Characteristics of a Kenyan runner
Kenyan Training System – from a physiological standpoint
During the last decades the East African runners, especially the Kenyans, have dominated the world of running. One question that arises is what makes these Kenyans so successful. Several factors may play a role, but the most important may be the genetic endowment in combination with intense training at moderate altitude (2000-2600 m.a.s.l.). However, this section gives only a short schematic description of their middle- and long distance training. These data are obtained from the daily training and from laboratory facilities.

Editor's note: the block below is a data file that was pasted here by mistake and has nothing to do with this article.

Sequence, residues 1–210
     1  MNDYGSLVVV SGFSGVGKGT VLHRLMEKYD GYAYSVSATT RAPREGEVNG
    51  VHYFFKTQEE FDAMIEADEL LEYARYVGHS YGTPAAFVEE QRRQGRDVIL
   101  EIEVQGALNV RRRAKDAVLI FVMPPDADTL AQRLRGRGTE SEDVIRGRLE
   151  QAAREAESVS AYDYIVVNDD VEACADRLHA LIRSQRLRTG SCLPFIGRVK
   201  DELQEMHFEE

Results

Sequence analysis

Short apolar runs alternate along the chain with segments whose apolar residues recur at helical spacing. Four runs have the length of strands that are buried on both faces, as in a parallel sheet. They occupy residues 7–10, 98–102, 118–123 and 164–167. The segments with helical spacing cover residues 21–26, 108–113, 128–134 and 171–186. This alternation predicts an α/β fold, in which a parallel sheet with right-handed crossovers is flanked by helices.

Shortly, the results form our study suggests that most of the basic training carried out by the Kenyans consists of exercise close to lactate threshold (90% of VO2max). Our biopsy data support that exercise related to lactate threshold both at moderate altitude (2000-2600m.a.s.l.), and at sea level is very effective to improve the performance in already well trained elite runners and cross-country skiers, compared to controls carrying out training far under and above the lactate threshold (Evertsen et al, 1997, 2000a, 2000b, and unpublished data obtained between 1991-2000). No changes were found in the VO2max, but the performance at lactate threshold and the performance were increased significantly. These changes in physiological feature and in performance were significantly higher compared to controls. Less positive correlations were found between the biopsy data and the performance.
In summary, the physiological characteristics in Kenyan runners, running 5000m from 13:24 to 12.56 are:
(Evertsen, unpublished data, 1990-2000)
Frank Evertsen, Copyright